The latest episode of Safety At Work Talks is a return to the sequence of interviews with Professor Sidney Dekker. In April 2017, Dekker published a book called The End of Heaven which discusses suffering. This book has a very different tone from his previous books and is intriguing.
The breadth of the discussion was also surprising with concepts and references rarely talked about in relation to occupational health and safety, such as morality, Acts of God, train disasters and the Bible. If this sounds heavy, it is useful to follow the discussion that leads to this statement from Dekker:
The popularity of Australian podcasting about workplace safety is increasing with a personable Sydney occupational health and safety (OHS) lawyer launching one this month. SafetyAtWorkBlog is also joining that growth with the Safety At Work Talks podcast this week.
SafetyAtWorkBlog originally podcasted a decade ago through iTunes. I participated in a podcast series last year called Cabbage Salad and Safety. Safety At Work Talks is going to be a series that complements the SafetyAtWorkBlog by providing exclusive interviews with prominent safety people and academics.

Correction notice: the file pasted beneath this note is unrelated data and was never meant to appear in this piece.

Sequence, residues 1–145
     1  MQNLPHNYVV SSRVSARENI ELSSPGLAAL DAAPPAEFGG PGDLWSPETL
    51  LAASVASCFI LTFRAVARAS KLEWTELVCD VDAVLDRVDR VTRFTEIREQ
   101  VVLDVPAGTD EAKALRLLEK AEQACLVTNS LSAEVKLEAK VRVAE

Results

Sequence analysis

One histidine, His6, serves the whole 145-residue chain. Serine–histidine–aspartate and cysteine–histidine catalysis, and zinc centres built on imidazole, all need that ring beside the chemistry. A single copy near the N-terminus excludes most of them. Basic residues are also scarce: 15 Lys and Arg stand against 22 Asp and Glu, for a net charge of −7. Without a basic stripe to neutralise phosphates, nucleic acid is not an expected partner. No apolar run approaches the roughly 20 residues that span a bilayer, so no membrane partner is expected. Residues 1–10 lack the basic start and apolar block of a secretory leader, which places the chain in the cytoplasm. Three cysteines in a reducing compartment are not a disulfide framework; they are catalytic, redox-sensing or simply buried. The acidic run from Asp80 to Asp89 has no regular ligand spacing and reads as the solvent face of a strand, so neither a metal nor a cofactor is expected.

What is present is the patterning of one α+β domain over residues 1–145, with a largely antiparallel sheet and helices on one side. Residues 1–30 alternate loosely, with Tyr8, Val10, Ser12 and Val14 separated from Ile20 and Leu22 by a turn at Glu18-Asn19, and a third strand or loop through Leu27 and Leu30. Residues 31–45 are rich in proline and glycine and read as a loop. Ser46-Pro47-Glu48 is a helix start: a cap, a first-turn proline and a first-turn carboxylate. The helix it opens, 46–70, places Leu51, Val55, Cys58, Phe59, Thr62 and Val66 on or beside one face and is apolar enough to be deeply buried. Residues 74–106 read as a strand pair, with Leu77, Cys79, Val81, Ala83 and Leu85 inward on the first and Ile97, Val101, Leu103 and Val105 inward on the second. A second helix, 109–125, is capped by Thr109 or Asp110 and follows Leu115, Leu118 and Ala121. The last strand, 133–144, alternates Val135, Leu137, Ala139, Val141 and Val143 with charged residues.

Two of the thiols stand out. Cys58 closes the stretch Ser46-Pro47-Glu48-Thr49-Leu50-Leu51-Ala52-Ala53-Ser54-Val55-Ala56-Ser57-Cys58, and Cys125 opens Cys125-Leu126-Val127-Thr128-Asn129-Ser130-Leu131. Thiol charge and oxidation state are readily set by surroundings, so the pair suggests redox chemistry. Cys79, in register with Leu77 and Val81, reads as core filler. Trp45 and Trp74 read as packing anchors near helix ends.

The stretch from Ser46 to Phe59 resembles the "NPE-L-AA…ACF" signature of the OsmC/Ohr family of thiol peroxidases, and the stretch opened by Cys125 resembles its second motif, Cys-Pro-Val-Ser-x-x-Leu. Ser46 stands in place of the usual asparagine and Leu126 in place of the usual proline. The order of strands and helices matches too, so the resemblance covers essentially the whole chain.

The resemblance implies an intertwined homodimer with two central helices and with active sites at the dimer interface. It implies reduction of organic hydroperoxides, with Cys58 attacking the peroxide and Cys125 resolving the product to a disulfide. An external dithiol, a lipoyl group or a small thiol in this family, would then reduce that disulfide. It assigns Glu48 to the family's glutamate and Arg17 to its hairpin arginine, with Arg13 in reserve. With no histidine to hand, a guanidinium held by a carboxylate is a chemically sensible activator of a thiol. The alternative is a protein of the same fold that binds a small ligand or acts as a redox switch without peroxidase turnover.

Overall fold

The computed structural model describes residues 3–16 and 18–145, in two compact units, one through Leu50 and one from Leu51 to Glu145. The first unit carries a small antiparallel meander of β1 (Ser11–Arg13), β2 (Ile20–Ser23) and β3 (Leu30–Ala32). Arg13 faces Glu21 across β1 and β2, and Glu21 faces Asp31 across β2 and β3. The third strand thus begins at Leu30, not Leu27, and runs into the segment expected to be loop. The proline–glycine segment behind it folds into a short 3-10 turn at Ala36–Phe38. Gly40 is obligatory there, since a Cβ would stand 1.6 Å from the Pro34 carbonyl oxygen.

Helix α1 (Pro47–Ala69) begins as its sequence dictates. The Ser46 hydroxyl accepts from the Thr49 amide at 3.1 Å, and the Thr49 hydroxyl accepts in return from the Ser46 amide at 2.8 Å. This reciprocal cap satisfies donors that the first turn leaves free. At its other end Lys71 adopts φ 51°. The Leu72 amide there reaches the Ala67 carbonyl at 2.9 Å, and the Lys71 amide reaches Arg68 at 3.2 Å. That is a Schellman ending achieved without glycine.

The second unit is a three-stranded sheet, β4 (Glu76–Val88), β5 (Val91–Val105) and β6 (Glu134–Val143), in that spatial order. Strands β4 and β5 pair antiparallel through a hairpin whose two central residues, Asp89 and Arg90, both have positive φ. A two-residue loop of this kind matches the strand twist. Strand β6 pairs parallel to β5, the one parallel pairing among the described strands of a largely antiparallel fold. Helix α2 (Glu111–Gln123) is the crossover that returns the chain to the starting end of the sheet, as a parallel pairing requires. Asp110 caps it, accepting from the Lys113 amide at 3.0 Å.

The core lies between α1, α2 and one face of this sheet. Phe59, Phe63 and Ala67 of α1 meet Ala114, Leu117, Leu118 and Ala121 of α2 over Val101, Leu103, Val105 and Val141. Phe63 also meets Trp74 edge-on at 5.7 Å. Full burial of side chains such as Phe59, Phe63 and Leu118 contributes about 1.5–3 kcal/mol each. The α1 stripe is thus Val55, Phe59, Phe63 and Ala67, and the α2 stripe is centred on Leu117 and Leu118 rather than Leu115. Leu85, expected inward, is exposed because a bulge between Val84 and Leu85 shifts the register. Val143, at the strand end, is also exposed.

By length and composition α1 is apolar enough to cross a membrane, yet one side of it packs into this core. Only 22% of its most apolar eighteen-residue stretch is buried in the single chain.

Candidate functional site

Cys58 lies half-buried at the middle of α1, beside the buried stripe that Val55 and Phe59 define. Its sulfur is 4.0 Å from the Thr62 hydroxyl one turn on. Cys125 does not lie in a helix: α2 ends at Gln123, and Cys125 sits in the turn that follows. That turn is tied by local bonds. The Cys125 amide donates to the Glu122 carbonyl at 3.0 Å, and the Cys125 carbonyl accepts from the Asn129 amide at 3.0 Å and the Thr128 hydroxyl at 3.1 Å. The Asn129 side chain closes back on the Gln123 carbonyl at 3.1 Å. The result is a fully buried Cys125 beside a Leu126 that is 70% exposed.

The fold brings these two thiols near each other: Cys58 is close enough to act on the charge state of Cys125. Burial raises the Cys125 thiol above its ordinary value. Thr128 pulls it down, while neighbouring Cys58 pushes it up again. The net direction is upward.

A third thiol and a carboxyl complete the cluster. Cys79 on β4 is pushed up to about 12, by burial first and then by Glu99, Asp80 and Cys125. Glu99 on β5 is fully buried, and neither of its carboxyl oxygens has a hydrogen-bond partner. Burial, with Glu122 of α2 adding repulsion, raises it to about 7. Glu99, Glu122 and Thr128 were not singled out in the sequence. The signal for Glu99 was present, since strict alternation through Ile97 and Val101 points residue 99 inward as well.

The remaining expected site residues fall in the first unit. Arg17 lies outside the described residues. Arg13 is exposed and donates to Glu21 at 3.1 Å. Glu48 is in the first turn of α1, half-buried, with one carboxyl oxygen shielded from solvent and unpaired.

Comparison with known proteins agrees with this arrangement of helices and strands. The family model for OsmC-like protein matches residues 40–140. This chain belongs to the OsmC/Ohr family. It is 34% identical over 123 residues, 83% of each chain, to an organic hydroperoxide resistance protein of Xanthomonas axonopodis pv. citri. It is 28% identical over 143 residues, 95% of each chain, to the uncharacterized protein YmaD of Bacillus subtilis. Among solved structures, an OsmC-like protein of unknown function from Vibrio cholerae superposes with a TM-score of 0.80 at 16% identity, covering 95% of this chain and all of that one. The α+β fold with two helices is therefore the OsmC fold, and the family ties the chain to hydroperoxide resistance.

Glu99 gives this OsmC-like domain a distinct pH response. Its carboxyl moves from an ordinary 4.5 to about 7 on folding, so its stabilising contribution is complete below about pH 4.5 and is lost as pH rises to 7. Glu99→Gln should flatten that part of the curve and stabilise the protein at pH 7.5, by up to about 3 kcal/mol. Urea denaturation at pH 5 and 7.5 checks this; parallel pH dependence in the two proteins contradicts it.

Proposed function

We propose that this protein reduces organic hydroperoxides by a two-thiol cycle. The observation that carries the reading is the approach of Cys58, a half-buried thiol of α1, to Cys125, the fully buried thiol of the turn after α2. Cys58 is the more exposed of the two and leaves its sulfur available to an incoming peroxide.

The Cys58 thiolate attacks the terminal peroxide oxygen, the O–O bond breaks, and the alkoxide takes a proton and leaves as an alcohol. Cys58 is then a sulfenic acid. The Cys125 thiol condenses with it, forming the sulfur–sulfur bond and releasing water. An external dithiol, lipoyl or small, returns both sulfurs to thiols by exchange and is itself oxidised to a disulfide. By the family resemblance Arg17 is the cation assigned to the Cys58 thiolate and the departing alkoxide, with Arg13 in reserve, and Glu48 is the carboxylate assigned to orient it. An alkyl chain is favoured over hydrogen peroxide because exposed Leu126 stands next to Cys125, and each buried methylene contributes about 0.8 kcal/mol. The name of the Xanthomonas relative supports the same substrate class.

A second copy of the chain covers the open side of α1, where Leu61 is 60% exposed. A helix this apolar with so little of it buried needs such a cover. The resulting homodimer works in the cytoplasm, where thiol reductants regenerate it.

Safety At Work Talks already has a series of episodes recorded with Professor Sidney Dekker. These will cover
The need to change the demographics of the occupational health and safety (OHS) profession to reflect society.
Any organisation that is undergoing change must acknowledge that even though it may be replacing “old school” thinking and structures, sustainable progress is best achieved by accepting the future is built by “standing on the shoulders of giants”.
Just because an organisation or profession has been structured one way in the past does not mean that structure remains applicable for the future.
Around the 47 minute mark, Lincolne is asked about the level of psychological knowledge that the occupational health and safety (OHS) professionals should possess. Lincolne refreshingly describes himself as a skeptic about a lot of the recent psychological discussion, particularly the promotion of neuroscience.
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